The results clearly show that sugar-sweetened soft drinks can be easily reformulated in the same way as the very successful salt reduction programme in the UK. Action on Sugar has written to all the leading supermarkets who led the initial work on salt reduction and all have agreed to reformulate their sugar-sweetened soft drinks according to their own programme. What’s more, the majority will reformulate in a more coherent way with reduction targets for each soft drink category overseen by an independent agency, without the addition of artificial sweeteners and a parallel reduction in sweetness of all soft drinks . This would result in a large reduction in the free sugars and calorie intake in the UK. Action on Sugar is now calling on the UK government to lead the world by implementing this programme IMMEDIATELY.
Table 2: Comparison between countries with less free sugars than the UK
Graham MacGregor, Professor of Cardiovascular Medicine at Queen Mary University of London and Chairman of Action on Sugar, says: “Overweight and obesity increases health-care costs and threatens the economic growth on which a country’s future prosperity and wellbeing depend. This survey illustrates the fact that the soft drinks industry is part of the cause of the world’s growing obesity pandemic and action must be taken now.
“In the UK, all leading supermarkets are either reducing sugars in their soft drinks or have committed to follow sugar reduction targets. Jeremy Hunt has not taken any action for over a year; it’s time David Cameron took the lead on this.”
Kawther Hashem, nutritionist at Action on Sugar says: “It’s high time soft drinks manufacturers around the world stop adding unnecessary sugars and calories to their products and work universally to set sugar reduction targets once and for all. Our research has shown discrepancies between the sugar content in the same carbonated drinks sold across the world and this needs to stop.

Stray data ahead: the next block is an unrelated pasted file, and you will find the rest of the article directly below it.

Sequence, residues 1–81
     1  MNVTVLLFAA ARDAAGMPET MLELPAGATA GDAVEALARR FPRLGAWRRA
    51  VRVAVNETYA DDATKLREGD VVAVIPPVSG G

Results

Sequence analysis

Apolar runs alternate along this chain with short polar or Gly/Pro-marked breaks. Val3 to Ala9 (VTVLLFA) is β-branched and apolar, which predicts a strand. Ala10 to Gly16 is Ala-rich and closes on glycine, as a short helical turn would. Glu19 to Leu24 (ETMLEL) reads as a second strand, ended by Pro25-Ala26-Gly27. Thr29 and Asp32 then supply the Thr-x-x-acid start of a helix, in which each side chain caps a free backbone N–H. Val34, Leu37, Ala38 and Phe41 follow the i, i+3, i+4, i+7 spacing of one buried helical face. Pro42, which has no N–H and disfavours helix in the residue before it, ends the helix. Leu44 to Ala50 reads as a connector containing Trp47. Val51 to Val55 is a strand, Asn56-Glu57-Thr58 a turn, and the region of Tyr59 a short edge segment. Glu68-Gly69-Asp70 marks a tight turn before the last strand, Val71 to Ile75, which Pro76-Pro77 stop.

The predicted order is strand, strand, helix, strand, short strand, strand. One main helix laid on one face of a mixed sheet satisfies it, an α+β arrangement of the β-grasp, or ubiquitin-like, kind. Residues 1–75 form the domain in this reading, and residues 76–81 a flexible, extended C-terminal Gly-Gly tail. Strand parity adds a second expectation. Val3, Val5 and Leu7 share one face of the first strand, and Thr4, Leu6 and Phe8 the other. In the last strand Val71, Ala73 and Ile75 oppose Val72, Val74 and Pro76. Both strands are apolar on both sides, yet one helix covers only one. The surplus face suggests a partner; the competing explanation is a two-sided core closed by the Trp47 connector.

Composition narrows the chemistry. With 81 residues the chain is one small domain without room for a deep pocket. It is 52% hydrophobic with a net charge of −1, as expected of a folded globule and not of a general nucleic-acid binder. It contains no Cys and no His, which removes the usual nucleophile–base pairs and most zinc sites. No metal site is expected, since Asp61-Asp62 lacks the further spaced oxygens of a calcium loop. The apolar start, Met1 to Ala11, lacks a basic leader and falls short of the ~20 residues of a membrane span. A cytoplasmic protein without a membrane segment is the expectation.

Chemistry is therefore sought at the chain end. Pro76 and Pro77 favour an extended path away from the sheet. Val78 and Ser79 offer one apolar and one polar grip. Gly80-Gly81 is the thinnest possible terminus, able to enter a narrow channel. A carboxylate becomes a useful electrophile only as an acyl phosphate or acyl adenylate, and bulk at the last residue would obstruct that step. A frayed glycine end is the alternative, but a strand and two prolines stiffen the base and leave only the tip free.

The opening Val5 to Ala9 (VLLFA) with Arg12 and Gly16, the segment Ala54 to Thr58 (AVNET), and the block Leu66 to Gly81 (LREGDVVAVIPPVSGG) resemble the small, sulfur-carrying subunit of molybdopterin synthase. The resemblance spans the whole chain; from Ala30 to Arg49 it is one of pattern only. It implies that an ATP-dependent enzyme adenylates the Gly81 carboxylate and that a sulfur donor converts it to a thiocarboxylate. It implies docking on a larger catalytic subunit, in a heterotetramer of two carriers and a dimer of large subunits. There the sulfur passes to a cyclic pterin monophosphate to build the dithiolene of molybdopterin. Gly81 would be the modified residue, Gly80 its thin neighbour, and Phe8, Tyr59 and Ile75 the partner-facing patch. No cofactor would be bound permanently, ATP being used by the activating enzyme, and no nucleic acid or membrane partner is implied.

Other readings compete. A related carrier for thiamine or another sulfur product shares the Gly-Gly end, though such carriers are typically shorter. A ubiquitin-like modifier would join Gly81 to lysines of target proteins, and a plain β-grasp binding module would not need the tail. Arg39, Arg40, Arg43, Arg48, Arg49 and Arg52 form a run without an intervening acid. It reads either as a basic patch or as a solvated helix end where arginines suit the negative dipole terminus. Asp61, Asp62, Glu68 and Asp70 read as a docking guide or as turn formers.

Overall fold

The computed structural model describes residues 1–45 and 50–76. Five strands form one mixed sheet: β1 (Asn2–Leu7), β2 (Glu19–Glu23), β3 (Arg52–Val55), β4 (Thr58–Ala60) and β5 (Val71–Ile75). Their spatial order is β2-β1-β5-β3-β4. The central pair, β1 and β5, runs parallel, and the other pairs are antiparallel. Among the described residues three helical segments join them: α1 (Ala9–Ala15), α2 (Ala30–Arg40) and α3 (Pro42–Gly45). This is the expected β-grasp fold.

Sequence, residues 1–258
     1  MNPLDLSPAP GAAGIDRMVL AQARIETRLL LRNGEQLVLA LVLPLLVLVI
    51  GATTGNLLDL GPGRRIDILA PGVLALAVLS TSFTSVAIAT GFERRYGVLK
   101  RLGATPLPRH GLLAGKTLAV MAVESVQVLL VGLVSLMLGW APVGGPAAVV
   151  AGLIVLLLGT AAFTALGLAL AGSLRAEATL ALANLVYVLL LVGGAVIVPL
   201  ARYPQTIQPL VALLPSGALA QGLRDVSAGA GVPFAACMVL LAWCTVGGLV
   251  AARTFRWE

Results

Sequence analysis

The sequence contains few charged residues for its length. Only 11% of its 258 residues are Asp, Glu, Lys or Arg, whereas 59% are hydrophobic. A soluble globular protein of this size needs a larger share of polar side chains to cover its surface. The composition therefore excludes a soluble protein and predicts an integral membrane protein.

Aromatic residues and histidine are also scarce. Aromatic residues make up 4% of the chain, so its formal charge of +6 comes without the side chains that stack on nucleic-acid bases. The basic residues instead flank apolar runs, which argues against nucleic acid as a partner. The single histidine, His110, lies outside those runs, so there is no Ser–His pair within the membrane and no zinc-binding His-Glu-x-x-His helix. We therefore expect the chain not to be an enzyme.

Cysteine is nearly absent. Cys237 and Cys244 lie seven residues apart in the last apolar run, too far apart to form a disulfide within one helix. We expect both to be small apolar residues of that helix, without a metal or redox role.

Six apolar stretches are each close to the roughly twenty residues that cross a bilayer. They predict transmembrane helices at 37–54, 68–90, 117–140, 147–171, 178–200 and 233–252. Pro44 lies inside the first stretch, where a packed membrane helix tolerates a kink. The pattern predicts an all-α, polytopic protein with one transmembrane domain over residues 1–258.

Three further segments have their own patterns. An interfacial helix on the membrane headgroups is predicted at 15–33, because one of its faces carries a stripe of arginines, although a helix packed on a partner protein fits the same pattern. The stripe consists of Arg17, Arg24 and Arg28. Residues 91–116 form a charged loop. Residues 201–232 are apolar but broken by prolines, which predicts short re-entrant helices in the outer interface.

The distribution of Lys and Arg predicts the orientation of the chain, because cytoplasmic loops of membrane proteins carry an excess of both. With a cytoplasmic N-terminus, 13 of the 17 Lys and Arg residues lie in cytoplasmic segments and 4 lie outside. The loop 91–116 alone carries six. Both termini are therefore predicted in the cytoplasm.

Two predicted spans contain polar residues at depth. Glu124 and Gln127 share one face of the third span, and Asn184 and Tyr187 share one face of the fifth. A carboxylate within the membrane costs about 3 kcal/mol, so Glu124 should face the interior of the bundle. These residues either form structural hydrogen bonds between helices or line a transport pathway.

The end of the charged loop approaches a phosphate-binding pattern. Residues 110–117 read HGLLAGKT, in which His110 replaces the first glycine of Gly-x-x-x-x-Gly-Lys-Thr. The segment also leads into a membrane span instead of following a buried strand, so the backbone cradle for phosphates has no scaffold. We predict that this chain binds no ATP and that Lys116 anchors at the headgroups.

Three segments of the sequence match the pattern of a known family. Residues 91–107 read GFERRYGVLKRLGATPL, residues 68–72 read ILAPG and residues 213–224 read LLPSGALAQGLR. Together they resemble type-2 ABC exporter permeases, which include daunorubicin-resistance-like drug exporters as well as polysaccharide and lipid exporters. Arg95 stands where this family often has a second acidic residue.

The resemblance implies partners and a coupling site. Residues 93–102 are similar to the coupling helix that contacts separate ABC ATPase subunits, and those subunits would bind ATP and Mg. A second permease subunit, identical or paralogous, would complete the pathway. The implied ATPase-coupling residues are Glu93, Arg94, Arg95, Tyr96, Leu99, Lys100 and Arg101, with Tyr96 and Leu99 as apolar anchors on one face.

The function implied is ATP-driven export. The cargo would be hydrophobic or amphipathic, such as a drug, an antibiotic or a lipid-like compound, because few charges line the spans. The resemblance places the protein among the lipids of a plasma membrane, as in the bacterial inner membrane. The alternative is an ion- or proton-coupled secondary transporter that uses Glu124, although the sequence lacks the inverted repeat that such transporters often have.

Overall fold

“People are drinking spoonful’s of sugar in their carbonated drinks. Look on the label for ‘sugars per 100ml’ and switch to a lower or no added sugar variety of your favourite drink, or even better, don’t drink them, they contain nothing of any nutritional value. Drink water and save money too!”
Aubrey Sheiham, Emeritus Professor of Dental Public Health at University College London, says: “Tooth decay is the most common cause of pain, especially in children and the main reason why they are admitted to hospital in England. The worldwide epidemic of tooth decay will only be controlled when manufacturers markedly reduce the levels of sugars in their products.”
Simon Capewell, Professor of Clinical Epidemiology at the University of Liverpool, says: "Reducing the sugars hidden in soft drinks is easy; witness the successful reductions in UK own brands. It is now time for ALL sugary drinks manufacturers to do the same, and thus put their customers health first."
Professor David Haslam, Chair at National Obesity Forum, says: "The food and drink industry has created a monster; a small can of soft drink that contains around 10 times the quantity of sugar than a person's blood stream holds. There are no redeeming features of these drinks: metabolic disturbances, tooth decay and manic kids are amongst the side effects, alongside no nutritional benefit."